Managing Customer Service Is The #1 Priority For Any Membership Site. Customers Won’t Cut You Any Slack Just Because You’re An Overburdened Solopreneur.
There is an opinion amongst many expert marketers that customers seldom like leaving brands, products, or companies that they have purchased from. It is pathetic customer service that forces them out.
If a customer’s natural tendency therefore is loyalty, that applies to your membership site also. Getting new members is six times costlier than retaining existing ones, so you need to be very careful that your customer service is up to the mark.
As a solopreneur, life is tough when you are trying to run a membership site, because there are so many moving parts to this business. You have to create your content. You have to do marketing to get new members. You have to do customer-nurturing to retain existing members.
At Solohacks Academy, we know your solopreneur life is tough, and membership sites are no joke to manage. But remember, your members don’t care how burdened you are, nor can you make that an excuse for poor customer management. Willy-nilly, you have to do whatever it takes to keep customers happy.
1. A membership site is not for “passive earning”, so don’t close yourself off to members
Unlinke selling courses and ebooks as part of your Knowledge Commerce business, running and managing a membership site is not, by any means, a “passive income earning idea”. In fact, if anything, it is a form of business that needs the owner to be extremely hands-on all the time.
When people sign up to your membership site they don’t do it just for the content you offer. Who is offering that content, is the question uppermost in customer minds. They buy into your membership because they believe and trust they will get your expertise, authority, and thought-leadership, via your content on your site. Their access to you is paramount to them.
That is the reason why you can never insulate yourself from your site, and believe that it will become a happy self-service hub. Don’t ever close yourself off, and turn a deaf ear or a blind eye to your members’ needs, problems, or queries. Don’t ever leave members to find their own fulfillment on your site. Depending on what knowledge level different members are at, they will need different kinds of help from you.
Some members may need handholding, some others may need encouragement, and yet some others may need signposting to the solutions to their business problems, or roadmaps to achieve of goals they’ve set for themselves. Customer service in all these situations can never be a one-size-fits-all kind of thing. It has to be customized, and it has to be empathetic and understanding of the real needs of customers, even when real needs are not stated but implied.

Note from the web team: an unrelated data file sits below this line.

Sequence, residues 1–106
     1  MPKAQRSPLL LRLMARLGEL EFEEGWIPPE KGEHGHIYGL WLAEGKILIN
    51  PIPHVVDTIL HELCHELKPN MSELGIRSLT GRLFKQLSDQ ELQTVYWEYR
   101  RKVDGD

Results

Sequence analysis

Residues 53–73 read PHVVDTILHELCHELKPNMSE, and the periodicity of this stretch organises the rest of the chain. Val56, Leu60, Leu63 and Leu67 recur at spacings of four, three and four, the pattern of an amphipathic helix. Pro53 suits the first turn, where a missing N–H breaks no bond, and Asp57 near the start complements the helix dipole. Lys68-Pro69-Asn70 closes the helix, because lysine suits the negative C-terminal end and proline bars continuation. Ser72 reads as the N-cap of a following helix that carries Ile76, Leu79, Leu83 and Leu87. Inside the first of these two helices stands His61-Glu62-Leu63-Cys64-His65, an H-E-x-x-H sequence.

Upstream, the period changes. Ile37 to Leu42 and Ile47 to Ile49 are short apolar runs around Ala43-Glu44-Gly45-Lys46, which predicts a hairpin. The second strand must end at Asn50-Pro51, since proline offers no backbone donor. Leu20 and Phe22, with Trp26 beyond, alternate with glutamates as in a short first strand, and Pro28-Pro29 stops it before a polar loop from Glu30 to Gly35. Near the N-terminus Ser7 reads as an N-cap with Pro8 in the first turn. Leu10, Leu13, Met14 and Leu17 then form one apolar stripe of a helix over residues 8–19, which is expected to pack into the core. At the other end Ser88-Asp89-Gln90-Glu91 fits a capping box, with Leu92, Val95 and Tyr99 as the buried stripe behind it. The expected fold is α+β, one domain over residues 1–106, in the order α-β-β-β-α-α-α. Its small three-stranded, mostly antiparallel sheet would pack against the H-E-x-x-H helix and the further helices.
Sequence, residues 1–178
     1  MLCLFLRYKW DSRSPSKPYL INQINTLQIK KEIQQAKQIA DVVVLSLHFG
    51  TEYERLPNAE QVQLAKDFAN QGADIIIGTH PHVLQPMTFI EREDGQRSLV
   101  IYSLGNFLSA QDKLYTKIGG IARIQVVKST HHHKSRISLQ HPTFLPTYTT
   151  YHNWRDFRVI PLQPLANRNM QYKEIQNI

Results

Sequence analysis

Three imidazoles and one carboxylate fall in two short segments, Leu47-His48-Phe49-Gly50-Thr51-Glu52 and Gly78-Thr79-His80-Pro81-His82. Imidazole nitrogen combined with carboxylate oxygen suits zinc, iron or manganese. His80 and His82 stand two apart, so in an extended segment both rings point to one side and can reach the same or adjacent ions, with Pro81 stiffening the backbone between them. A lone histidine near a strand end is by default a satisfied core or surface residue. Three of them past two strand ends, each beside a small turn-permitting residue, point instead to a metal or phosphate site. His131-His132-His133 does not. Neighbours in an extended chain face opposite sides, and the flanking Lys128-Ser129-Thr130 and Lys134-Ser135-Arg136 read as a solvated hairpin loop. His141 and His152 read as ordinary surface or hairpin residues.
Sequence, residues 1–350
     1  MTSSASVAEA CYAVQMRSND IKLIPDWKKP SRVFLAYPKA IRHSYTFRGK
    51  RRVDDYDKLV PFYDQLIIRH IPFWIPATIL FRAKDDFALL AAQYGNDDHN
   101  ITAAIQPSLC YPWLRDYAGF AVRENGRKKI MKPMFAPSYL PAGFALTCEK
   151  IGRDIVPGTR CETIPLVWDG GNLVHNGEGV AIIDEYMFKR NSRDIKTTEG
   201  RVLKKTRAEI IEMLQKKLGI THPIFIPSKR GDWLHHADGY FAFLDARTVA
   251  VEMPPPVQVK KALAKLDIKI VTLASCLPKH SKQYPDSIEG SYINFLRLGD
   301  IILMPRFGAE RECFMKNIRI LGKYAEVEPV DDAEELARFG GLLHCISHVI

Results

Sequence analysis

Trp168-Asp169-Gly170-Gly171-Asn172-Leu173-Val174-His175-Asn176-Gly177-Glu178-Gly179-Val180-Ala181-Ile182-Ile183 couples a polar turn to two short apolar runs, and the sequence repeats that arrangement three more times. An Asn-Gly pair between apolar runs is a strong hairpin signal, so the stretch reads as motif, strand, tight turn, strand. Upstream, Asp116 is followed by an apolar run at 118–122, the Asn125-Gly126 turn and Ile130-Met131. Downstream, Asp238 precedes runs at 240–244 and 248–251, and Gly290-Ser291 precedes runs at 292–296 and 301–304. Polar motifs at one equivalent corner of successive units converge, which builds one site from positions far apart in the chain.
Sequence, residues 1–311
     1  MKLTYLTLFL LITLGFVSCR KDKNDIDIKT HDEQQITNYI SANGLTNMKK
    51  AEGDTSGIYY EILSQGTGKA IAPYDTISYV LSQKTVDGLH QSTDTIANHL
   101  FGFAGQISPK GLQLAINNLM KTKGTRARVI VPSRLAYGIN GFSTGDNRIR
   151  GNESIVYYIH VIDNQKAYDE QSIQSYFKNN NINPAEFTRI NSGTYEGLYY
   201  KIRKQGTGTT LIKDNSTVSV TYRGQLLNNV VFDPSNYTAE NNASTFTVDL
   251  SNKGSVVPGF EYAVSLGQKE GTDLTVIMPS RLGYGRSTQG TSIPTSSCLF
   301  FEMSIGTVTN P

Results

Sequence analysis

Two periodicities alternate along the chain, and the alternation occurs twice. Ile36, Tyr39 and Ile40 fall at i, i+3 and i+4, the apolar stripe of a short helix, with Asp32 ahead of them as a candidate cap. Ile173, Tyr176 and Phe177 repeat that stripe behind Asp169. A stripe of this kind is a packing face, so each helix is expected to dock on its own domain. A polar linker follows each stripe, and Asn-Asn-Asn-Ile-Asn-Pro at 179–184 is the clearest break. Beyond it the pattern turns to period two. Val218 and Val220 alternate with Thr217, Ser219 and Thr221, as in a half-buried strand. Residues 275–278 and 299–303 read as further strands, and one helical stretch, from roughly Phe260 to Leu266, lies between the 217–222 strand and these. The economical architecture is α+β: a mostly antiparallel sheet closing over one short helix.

All this calls for you, the entrepreneur, to listen to members a lot and respond to their requirements a lot. If customer service is not your forte, or it’s not something you can apply yourself to wholeheartedly, a membership site is not the business for you. Are you ready for what it takes? That is a question you have to answer within yourself well before you think of what all you can do to make your customer service 100% satisfying to members.
2. Think why people may want to be in touch with you, and manage their expectations
Instead of looking at customer service as a large chaotic area where any marketer can flounder, it helps to see exactly the areas where customer expectations lie. There are five broad areas in which customers expect extra care:
- One, customers may have areas of doubt, query, or assistance needed in going through your content. Their expectations may be that you will offer help when they find the content needs more explanation, or help them with adapting the content to their own life or business.
- Two, customers may have problems or queries on the usage of your membership site – they may need help with navigation, finding what they are looking for in the forum, knowing what order or sequence to follow to achieve their goals, or information about your events, or site features and functionalities.
- Three, they may have problems with the ecommerce functions of your site – issues like upgrading or downgrading memberships, managing their subscription payments, getting their receipts and acknowledgments, using their discount codes, or wanting to cancel or re-activate their accounts.
- Four, they may have problems with the technical aspects of your site – this could mean bugs that need fixing, buttons that are not working, pages or posts that won’t open, forms that are misbehaving, help with resetting their passwords, or even knowing how to go through certain processes that involve knowledge of some technology.